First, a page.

IEnumerable<Yours> t = new Yours[3];
        File.WriteAllBytes(file, ByteSerializer.Serialize(t));

        using (var stream = File.OpenRead(file))
        {
            Console.WriteLine("file size: " + stream.Length);
        }
    }
}

EDIT: So it appears DateTime really likes to be on an aligned memory address. Though you can define the explicit layout, I think a more simple approach would be:

[StructLayout(LayoutKind.Sequential, Pack = 1)]
public struct Test
{
    private long dt1; 
    public byte b;
    public Int64 int1;
    public float f1;
    public float f2;
    public float f3;

    public DateTime DT
    {
        get { return new DateTime(dt1); }
        set { dt1 = value.Ticks; }
    }
}

Though I don't see why you should care about managed memory representation at all.

Alternatively, [StructLayout(LayoutKind.Explicit)] should prevent memory alignment.

Example (the 'managed sizeof' is taken from this post)

[StructLayout(LayoutKind.Explicit, Size = 9)]
public struct Test
{
    [FieldOffset(0)]
    public DateTime dt1;
    [FieldOffset(8)]
    public byte b;
}

class Program
{
    static readonly Func<Type, uint> SizeOfType = (Func<Type, uint>)Delegate.CreateDelegate(typeof(Func<Type, uint>), typeof(Marshal).GetMethod("SizeOfType", BindingFlags.NonPublic | BindingFlags.Static));

    static void Main()
    {
        Test t = new Test() { dt1 = DateTime.MaxValue, b = 42 };
        Console.WriteLine("Managed size: " + SizeOfType(typeof(Test)));
        Console.WriteLine("Unmanaged size: " + Marshal.SizeOf(t));
        using (MemoryMappedFile file = MemoryMappedFile.CreateNew(null, 1))
        using (MemoryMappedViewAccessor accessor = file.CreateViewAccessor())
        {
            accessor.Write(0L, ref t);
            long pos = 0;

            for (int i = 0; i < 9; i++)
                Console.Write("|" + accessor.ReadByte(pos++));
            Console.Write("|\n");
        }
    }
}

Output:

Managed size: 9
Unmanaged size: 9
|255|63|55|244|117|40|202|43|42|   // managed memory layout is as expected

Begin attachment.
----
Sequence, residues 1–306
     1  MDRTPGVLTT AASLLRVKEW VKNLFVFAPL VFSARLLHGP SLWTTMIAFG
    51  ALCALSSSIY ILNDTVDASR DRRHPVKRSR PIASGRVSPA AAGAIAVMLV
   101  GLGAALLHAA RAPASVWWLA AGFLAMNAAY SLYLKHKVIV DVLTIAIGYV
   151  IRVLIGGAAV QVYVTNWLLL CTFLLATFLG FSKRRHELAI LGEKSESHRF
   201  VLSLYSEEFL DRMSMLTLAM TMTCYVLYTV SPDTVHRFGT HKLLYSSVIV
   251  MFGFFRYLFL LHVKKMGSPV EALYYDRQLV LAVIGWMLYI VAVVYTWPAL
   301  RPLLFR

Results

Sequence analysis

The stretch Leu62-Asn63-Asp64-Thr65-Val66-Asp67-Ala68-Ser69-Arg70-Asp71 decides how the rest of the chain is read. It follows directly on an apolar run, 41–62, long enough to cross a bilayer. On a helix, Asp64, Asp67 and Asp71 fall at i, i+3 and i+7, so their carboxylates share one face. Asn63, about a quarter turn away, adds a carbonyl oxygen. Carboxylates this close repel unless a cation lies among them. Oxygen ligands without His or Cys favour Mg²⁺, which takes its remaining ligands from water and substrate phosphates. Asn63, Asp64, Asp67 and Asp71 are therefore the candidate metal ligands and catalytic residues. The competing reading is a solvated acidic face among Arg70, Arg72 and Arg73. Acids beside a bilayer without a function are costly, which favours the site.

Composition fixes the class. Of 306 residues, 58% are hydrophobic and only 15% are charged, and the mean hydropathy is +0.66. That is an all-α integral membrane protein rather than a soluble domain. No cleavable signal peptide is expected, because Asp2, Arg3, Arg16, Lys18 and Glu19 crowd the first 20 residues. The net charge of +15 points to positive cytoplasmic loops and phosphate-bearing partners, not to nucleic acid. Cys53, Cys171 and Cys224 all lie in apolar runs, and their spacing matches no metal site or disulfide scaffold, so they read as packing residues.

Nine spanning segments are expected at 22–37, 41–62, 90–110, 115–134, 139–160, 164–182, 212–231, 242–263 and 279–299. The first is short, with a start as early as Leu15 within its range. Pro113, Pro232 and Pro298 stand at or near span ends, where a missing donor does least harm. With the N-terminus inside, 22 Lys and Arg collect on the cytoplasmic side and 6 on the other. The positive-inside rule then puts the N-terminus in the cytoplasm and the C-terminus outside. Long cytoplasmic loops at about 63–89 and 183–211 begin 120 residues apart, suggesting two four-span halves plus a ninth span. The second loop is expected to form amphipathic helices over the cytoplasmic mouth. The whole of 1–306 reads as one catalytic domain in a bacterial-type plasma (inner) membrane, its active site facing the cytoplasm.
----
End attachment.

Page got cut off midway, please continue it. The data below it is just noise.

BTW, DateTime seems to break the sequential contract - but remember the contract is for the Marshaled memory map. There is no specification with regard to managed memory layout.

[StructLayout(LayoutKind.Sequential, Pack = 1, Size = 9)]
public struct Test
{
    public DateTime dt1;
    public byte b;
}

And the output of above code:

Managed size: 12
Unmanaged size: 9
|42|0|0|0|255|63|55|244|117|40|202|43|   // finally found those 3 missing bytes :-)
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  • Thank you avip, and I did realize this, it does provide another method that avoids the marshalling to a byte array, and I am doing that right now, but why isn't sequential layout with Pack=1 working as it should per the documentation? – MikeMedved Nov 10 '12 at 7:35
  • Do you happen to have 4 chars hiding somewhere in the struct ? – avishayp Nov 10 '12 at 8:20
  • No chars :) ` public Int64 int1; public DateTime dt1; public float f1; public float f2; public float f3; public byte b; ` – MikeMedved Nov 10 '12 at 15:31
  • But it is a 3 byte gap :) 29 vs 32 – MikeMedved Nov 10 '12 at 18:35
  • "Though I don't see why you should care about managed memory representation at all." - well I don't really, I just wanted it to be 29 bytes for real in order to save on space (there will be millions of these in the file). And as I pointed out in the OP it was actually writing out 32 bytes. – MikeMedved Nov 10 '12 at 21:03